In spite of his disastrous, disgraceful, divisive presidency and deadly mishandling of the pandemic, Trump still won 47% of the popular vote and 232 of the electoral. Over 74 million Americans wanted more Trump.

Rest assured Trump will keep riding those votes as a power broker that can bend the GOP to his will and make or break Republican candidates, and possibly set up his 2024 comeback.

Trump is like Jake from State Farm.

You get it: An insurance policy.

As the 2020 election results showed, thanks to gerrymandering and other political whatnot, red places are redder and blue bluer, and rarely the twain shall meet.

“If it feels like Republicans and Democrats are living in different worlds, it’s because they are,” the Wall Street Journal assessed. “There are few places left in America where one tribe of voters is likely to encounter the other. Predominantly white, rural areas are solid Republican; urban areas are dominated by Democrats.” The number of “landslide” counties where one candidate destroyed the other has quadrupled from 391 to 1,726 since 1980.

So, even if you’re even a decent mainstream Republican running for election or reelection in a red place, you must genuflect to Trump because your main threat is being primaried by a Trumpy right-winger attacking you for not being Trumpy enough. You know Trumpism is bad for America, but you have to secure your flank.

Morals? We don’t need to stinkin’ morals!

Obviously, Americans hate the Congress they elect like I hate pie I order from Grubhub and myself after I eat it.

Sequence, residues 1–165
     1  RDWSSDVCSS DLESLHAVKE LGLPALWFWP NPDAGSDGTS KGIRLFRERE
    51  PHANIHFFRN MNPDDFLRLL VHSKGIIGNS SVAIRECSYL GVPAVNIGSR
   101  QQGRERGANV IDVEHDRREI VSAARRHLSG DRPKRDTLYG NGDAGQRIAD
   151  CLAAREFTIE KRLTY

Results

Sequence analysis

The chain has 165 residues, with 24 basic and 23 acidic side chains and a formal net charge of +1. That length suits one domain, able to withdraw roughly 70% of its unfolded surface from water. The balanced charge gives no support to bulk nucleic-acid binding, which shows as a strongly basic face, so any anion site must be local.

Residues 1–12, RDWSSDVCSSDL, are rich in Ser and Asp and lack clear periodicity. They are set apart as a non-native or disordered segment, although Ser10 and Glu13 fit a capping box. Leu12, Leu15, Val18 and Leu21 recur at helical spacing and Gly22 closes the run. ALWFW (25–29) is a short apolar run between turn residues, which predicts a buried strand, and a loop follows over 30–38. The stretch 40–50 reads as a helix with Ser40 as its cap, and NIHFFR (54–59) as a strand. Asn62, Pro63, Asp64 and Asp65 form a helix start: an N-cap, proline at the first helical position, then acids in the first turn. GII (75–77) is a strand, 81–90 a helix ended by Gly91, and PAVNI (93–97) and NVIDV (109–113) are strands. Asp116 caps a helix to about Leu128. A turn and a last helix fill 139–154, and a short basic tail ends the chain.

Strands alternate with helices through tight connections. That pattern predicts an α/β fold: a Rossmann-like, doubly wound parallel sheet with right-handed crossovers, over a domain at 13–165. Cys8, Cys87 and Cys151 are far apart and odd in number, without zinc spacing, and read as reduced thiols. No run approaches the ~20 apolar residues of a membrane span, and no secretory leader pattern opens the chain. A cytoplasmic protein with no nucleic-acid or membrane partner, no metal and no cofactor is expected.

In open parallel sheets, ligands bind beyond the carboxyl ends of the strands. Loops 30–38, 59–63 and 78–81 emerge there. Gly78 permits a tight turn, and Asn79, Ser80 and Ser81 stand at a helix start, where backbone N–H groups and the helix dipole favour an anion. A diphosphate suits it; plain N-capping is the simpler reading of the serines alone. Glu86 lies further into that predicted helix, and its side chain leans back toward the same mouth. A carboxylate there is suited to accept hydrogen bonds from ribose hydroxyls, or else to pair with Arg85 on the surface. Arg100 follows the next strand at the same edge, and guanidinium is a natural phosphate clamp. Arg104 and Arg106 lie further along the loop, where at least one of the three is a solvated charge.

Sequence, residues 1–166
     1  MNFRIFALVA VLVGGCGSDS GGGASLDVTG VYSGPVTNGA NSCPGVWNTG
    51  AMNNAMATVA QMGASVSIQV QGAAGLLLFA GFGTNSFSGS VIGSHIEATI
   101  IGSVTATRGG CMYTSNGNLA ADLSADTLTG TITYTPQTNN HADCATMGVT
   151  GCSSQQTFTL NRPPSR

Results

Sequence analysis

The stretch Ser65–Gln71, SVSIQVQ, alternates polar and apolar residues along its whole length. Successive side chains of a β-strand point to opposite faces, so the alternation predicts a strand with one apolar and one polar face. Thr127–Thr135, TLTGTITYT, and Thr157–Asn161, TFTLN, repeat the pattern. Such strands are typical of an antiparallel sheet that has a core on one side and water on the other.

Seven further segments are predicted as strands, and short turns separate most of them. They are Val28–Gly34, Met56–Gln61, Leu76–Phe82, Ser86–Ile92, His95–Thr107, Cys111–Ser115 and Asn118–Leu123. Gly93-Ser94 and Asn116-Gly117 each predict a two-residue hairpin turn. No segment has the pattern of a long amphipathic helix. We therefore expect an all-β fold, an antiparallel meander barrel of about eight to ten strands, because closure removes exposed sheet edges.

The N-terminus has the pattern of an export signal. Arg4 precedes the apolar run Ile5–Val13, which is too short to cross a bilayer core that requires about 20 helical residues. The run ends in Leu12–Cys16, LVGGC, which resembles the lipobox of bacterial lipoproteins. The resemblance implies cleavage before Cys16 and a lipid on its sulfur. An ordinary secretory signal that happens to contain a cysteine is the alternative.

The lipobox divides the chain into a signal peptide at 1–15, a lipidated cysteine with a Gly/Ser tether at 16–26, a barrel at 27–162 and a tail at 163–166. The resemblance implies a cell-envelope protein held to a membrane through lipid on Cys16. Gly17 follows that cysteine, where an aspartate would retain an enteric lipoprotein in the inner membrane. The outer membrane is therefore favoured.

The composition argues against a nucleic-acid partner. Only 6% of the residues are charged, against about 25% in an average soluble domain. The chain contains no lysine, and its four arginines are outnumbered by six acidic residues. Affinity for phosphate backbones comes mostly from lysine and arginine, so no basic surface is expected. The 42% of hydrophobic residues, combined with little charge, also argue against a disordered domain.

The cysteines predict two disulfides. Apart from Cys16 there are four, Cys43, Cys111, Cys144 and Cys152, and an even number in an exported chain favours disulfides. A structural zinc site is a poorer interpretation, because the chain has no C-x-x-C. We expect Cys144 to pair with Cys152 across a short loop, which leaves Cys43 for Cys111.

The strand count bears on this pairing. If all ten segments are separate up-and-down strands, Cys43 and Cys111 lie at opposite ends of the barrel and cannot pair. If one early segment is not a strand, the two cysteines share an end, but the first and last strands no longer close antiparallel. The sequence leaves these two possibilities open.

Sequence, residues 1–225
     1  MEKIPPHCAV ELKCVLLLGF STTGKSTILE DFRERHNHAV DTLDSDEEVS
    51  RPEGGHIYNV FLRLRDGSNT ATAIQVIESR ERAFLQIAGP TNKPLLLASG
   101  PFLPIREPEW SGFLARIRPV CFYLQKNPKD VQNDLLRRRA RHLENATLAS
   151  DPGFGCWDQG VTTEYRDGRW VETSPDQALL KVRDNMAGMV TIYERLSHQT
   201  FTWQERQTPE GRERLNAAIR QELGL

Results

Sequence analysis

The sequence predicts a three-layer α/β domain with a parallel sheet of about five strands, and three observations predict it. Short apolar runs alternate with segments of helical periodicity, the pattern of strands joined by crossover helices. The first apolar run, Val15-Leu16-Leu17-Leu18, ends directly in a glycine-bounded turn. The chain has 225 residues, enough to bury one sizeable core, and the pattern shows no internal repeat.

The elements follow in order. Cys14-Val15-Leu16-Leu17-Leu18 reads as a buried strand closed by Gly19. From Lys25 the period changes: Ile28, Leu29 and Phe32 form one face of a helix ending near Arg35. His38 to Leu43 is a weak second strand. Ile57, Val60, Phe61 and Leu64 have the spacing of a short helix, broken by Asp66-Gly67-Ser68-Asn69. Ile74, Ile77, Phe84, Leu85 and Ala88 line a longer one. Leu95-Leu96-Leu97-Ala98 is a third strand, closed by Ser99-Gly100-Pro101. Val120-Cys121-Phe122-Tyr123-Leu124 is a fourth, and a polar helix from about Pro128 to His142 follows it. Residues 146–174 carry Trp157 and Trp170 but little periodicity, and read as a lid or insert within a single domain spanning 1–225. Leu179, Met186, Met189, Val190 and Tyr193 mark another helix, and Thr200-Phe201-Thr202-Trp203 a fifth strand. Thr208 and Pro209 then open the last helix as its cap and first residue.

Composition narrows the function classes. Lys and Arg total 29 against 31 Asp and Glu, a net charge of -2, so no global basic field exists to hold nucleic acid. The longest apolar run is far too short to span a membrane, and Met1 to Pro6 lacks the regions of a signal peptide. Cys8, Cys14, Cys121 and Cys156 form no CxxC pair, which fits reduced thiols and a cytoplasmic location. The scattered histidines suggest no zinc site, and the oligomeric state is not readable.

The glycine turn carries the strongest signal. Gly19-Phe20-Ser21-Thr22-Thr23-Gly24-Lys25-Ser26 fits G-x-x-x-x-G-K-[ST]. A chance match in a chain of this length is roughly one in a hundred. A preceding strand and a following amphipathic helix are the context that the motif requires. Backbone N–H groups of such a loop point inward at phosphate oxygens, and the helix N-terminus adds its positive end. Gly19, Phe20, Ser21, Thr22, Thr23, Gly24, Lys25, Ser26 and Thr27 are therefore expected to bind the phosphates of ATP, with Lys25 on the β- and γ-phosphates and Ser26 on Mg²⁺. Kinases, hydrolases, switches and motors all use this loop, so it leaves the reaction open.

Gallup public approval of Congress over the past decade has rarely surpassed 20 percent and sometimes fell below 10 percent. That’s just above approval for Covid-19. Few other beliefs unite America more than how “Congressional ethics” is a bitter oxymoron.

So, when lawmakers “vote their conscience” to “do the right thing” for “the good of the country,” they’re considered the worst liars of all. Or maybe they’re free to act on their morals because they’re not running for reelection.

“Morals” is what Republicans once craven to the “Moral Majority” used to accuse Democrats of lacking because they supported same-sex marriage.

Ask Senator Romney how his morally standing up and standing out as the one honest Republican that Aeschylus’s lantern might find on Capitol Hill is working out.

If you want to see a pious, God-fearing Christian depicted as Satan’s evil twin, check out the right-wing media, websites, message boards and Facebook comments — heck, Trump’s Twitter feed — after Romney supported Trump’s impeachment and recently castigated fellow Republicans for trying to subvert the 2020 election.

Many of the ugliest comments about Romney’s speaking truth from his soul are from God-fearing Christians who seem to love Trump more than Jesus.

Actual patriotic Republicans sworn to the Constitution and others legally liable for lies — vote counters, electors, state legislators, respectable lawyers, judges, justices — have been doing the right thing (lest they be punished). As opposed to the shamelessly performative political Republicans and their smarmy handmaidens from the law firm of Giuliani, Dewey, Cheatham and Howe.

Yet lump me not among political cynics.

In spite of the GOP’s Trump performance art, I believe this too shall pass.

I trust what Winston Churchill did or didn’t say about America: We will do the right thing after exhausting all the alternatives.

Jeffrey Denny is a Washington writer.